Continuing this remarkable exploration of the arts of the Arctic peoples, around one hundred Ipiutak objects are exhibited in this section.

Ipiutak is the name of an Eskimo site near Point Hope, Alaska, where in the late 1930s a plot of over 60 houses and a cemetery were discovered. The site, which is evidence of the continual occupation of the region by old Bering Sea cultures for several centuries, lends its name to the culture discovered there. The Ipiutak culture corresponds to the period immediately preceding the old Bering Sea cultures, which explains why a number of Ipiutak objects bear stylistic motifs inspired by Asiatic traditions and therefore appear to have more in common with Siberian and Asiatic cultures.

In this section of the exhibition, the objects are exhibited in 130cm Plexiglas cases and an Inuit voice immerses visitors in the sonar ambiance of the Arctic.

In a large open, curved exhibition space, each culture is presented individually and its pieces thematically.

Visitors move from an oval faceted space, with a melted igloo in the centre and transparent display cases around the outer edges, to a space delimited by laser cut metal – inspired by an Enooesweetok design which represents a series of men on their sleds. These different approaches to Arctic culture and objects ends with a birds-eye view of a landscape.

Dorset projection
Visitors are then greeted by Yup'ik masks. Two are real; the others can be viewed by means a holographic projection showing the masks in actual size. The projected images continually change, from one mask to another, just as the masks themselves change at the same time. They often take on the appearance of hybrid creatures: half walrus, half caribou. Some animals are depicted with figures of hunters sitting astride them. Others are shamanic beings, or spiritguides, which control the winds. By sticking very closely to the nature of these masks, the film serves as an extension of Yup’ik reality, in which changing manifestations of the spirit world and the real world combine and multiply.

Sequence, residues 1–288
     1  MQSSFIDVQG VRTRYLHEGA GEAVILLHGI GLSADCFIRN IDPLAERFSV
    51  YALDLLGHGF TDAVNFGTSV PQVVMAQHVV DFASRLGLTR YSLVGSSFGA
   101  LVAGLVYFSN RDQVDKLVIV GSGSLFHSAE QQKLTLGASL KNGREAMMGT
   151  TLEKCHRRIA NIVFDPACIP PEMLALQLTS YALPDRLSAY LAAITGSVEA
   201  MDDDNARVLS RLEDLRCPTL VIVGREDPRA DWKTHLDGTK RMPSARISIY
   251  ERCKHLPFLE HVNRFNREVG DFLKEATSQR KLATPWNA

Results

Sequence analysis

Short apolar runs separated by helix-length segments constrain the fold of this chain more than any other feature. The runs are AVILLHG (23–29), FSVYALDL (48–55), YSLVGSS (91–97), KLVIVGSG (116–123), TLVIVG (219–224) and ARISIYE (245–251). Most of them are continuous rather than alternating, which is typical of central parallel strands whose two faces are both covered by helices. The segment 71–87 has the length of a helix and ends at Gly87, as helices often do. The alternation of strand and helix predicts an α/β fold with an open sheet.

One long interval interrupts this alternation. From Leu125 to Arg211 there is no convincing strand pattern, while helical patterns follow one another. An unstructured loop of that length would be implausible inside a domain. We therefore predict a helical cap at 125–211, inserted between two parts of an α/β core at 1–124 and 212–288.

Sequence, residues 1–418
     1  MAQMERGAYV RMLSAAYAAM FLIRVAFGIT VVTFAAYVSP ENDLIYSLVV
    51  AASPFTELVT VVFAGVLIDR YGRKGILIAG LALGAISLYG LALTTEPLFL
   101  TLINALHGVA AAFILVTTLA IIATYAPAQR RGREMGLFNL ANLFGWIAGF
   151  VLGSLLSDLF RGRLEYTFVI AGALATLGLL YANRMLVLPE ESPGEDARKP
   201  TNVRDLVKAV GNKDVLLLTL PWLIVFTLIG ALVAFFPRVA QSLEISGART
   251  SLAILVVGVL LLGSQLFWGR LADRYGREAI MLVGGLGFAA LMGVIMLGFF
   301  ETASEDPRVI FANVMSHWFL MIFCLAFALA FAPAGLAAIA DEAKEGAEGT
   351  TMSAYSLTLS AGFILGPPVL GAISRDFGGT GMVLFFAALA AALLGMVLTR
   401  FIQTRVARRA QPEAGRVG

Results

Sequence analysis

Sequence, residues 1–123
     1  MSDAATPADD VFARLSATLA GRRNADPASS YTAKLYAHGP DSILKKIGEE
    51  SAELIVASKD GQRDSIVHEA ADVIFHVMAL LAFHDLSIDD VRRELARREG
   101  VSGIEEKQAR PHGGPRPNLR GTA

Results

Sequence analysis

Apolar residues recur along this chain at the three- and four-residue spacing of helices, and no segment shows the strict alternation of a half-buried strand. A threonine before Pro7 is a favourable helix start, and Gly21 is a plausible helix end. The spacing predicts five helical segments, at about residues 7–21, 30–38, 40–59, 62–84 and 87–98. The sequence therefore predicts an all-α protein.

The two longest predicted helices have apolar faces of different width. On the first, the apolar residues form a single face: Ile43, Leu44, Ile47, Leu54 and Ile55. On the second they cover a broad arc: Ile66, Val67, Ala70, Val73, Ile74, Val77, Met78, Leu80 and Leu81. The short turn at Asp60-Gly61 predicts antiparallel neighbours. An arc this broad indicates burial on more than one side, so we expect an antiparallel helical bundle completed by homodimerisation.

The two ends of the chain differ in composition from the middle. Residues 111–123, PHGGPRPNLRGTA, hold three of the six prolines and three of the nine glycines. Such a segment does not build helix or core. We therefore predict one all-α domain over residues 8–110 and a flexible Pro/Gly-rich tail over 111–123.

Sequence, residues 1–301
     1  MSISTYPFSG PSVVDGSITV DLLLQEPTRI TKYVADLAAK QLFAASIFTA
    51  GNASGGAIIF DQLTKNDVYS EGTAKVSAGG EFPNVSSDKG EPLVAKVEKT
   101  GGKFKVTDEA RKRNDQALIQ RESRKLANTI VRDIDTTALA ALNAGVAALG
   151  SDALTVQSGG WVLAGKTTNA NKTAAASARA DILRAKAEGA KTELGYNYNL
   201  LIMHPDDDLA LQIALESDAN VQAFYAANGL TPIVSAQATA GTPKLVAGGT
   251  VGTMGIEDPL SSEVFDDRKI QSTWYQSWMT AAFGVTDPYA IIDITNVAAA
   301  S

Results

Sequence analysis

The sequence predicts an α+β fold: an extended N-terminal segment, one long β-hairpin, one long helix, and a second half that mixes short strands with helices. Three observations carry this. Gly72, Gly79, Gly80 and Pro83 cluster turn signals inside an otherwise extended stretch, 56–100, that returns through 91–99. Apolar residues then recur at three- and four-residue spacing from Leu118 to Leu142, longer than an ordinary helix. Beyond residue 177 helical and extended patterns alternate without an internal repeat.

While the film was being made, Chuna McIntyre, a member of the Yup’ik community, was consulted about the possibility of filming one of the masks from inside, to suggest the idea of a journey through the mask: “... It is perfectly valid to see the masks in this way. The masks were made with the intention of asking the spirits to enter them. That is why there are always openings: tiny holes are often bored into the mask in a number of places, with the sole aim of allowing the spirits to enter and escape. A spirit would never enter a mask where it could become trapped.”

Yup’ik masks
On the way back to the exhibition exit, visitors will be able to explore a selection of Yup'ik masks hung on the wall separating the “Upside Down”, The Arctic Peoples and Mingei Spirit in Japan exhibitions. The system of display cases brings them into focus through a series of windows, as if they were strange silhouettes emerging from the darkness, and the exhibition ends with the discovery of a pair of apparently reflected Yup’ik masks. They are presented as a pair, as some experts believe is traditional.

Before returning to the museum entrance hall, visitors can take away a plaster figurine, a reproduction of a piece from the exhibition, provided for them in a dispenser. Copies of the catalogue are freely available for visitors to consult, in order to answer the questions raised by an itinerary which is not signposted with traditional information cards.